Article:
New Teacher Pension Report to be Released by National Council on Teacher Quality

“Doing the Math on Teacher Pensions: How to Protect Teachers and Taxpayers” Analyzes Cost Effectiveness, Fairness and Flexibility of Teacher Retirement Systems; Report, Which Will be Released January 27, Includes a Report Card on Each State’s Pension Policies

WHO:  National Council on Teacher Quality, a non-partisan research and policy organization.WHAT:  The National Council on Teacher Quality (NCTQ) will release Doing the Math on Teacher Pensions: How to Protect Teachers and Taxpayers, a report that challenges the claims of state pension boards and other groups about the cost effectiveness, fairness and flexibility of the traditional defined benefit pension structure still in place in 38 states across the nation. The report includes a report card on each of the 50 states and the District of Columbia with a detailed analysis of state teacher pension policies.

The NCTQ website ( will provide state-specific report cards and searchable access to the entire State Teacher Policy Yearbook dataset, which includes data on state teacher pensions. The state policy dashboard provides a customized search tool and user-friendly options for generating graphic results that can be exported and shared.

WHEN:       January 27, 2015 at 12:01am


To request an embargoed copy, please contact Lisa Cohen at NCTQ

The National Council of Teacher Quality ─comprised of reform-minded Democrats, Republicans, and Independents─ is a non-partisan research and policy group committed to restructuring the teaching profession based on the belief that all children deserve effective teachers. More information about NCTQ, including a list of the Board of Directors and Advisory Board, can be found on the NCTQ website,




Winter 2015 Series: Supporting Heritage Language Learners

Webinar 1: Wednesday, January 28, 2015, 5:00 PM ET
Teaching Heritage Languages: Approaches and Strategies

This webinar introduces participants to the core concepts of heritage language teaching. Based on the responses of 1800 heritage language learners of 22 languages, the UCLA National Heritage Language Center identified the heritage language (HL) learner as an individual who:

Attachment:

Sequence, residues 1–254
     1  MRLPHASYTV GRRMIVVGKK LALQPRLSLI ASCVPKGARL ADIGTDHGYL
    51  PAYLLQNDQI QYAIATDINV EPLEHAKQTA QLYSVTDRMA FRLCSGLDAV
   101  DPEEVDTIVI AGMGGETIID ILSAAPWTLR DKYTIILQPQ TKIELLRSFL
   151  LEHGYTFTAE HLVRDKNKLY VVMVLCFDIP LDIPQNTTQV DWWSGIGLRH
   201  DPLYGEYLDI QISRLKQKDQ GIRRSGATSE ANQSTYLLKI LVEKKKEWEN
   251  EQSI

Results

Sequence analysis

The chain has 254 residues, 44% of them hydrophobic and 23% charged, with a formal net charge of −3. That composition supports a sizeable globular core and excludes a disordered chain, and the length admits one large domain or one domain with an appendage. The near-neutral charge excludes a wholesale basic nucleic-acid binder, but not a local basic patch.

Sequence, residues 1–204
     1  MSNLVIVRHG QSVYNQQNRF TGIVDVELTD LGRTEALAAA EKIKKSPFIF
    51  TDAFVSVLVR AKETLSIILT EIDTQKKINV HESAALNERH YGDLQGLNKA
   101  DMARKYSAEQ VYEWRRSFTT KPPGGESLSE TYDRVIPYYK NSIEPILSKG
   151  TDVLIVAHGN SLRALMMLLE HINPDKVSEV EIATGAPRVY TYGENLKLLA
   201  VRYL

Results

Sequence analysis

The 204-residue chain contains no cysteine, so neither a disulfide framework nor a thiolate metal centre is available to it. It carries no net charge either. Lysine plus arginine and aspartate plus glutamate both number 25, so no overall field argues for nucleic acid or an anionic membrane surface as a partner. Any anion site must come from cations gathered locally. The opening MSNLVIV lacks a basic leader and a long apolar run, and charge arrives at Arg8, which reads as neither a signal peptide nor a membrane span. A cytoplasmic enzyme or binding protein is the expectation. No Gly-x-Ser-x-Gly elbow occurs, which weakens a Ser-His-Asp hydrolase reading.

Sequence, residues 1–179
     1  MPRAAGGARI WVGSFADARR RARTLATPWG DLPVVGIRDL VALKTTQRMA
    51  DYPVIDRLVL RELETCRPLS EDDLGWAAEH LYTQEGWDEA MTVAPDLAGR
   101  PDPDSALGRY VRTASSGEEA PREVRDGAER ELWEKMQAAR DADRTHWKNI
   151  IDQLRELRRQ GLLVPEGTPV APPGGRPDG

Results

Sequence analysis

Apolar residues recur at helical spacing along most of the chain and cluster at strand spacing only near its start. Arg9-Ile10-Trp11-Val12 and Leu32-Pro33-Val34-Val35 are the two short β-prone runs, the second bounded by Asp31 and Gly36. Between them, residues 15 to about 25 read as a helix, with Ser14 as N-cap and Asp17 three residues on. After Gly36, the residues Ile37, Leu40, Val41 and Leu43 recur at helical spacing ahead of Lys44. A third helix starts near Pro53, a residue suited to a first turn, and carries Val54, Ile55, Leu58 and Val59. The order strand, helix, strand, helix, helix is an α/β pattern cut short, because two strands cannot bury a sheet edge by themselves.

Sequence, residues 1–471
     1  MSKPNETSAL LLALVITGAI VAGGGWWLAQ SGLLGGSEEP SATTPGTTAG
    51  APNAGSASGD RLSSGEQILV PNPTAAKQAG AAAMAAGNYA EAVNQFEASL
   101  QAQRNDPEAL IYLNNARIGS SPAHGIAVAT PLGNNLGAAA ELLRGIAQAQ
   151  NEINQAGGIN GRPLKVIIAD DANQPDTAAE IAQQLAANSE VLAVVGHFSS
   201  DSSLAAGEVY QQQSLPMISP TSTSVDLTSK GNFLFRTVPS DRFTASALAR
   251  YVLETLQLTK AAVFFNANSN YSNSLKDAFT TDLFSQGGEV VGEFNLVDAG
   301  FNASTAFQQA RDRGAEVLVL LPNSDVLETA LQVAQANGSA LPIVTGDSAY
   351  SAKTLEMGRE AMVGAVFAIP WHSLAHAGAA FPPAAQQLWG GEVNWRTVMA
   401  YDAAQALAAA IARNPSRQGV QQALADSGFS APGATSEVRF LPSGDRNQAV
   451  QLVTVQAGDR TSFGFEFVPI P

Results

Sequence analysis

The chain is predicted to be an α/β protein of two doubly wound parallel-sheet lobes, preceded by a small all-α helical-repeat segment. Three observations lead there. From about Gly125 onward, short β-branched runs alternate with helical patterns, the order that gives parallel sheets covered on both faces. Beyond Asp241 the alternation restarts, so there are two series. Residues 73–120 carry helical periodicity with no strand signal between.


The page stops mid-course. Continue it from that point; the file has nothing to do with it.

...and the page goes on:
1. acquired English in early childhood, after acquiring the HL,
  2. has limited exposure to the HL outside the home,
  3. has relatively strong aural and oral skills but limited literacy skills,
  4. has positive HL attitudes and experiences, and
  5. studies the HL mainly to connect with communities of speakers in the U.S. and to gain insights into his/her roots.

Three general principles of heritage language teaching emerge from these findings: HL curricula should be rooted in the experiences, affective needs, and goals of HL learners; HL teaching should build on the linguistic strengths of HL learners; and HL teaching should be learner-centered and differentiated. The presenters share a community-based curriculum that represents an effective way to harness the wealth of knowledge and experiences that heritage language learners bring to the classroom.

Olga Kagan, National Heritage Language Resource Center, UCLA
Maria Carreira, National Heritage Language Resource Center, UCLA

Live purchase price: $40 for ACTFL members and $55 for non-members.
Purchase price only for “Live” recording date of January 28, 2015 (2:00 PM Pacific; 5:00 PMEastern). Will be available to purchase for archived access beginning February 1.

Webinar 2: Wednesday, February 18, 2015, 5:00 PM ET
Tailoring Instruction for Heritage Language Learners: Differentiated Instruction and Mixed Classes

Webinar 3: Wednesday, March 11, 2015, 5:00 PM ET
Motivating Heritage Language Learners: Authentic Tasks and Materials

More upcoming webinar information.